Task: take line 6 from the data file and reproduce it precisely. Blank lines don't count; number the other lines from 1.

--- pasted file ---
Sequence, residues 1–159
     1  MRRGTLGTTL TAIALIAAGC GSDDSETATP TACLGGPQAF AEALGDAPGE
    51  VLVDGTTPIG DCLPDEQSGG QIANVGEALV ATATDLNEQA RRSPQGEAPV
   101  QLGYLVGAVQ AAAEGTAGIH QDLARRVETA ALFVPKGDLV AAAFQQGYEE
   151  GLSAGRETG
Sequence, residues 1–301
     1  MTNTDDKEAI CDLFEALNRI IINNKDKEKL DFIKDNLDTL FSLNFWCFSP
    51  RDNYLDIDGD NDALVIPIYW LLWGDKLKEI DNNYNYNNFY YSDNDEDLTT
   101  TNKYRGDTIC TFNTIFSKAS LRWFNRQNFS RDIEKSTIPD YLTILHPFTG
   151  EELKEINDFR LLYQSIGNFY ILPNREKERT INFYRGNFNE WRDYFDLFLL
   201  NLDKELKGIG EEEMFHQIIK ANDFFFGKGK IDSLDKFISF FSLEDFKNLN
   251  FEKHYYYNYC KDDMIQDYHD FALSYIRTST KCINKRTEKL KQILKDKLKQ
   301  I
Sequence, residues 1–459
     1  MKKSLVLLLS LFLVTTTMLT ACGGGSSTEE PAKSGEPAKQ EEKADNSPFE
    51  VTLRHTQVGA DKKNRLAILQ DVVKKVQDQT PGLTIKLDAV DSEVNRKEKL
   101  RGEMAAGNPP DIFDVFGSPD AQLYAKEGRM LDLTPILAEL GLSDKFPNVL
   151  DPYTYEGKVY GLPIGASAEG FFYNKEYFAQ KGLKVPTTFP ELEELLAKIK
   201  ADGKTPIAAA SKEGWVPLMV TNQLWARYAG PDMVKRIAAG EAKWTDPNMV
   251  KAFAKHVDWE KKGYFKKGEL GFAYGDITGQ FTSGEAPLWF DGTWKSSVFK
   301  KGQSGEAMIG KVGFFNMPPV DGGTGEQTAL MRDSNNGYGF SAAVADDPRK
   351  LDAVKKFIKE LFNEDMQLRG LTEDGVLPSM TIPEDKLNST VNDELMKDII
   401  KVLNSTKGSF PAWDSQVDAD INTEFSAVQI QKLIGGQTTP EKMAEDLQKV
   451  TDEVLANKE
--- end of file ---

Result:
Sequence, residues 1–301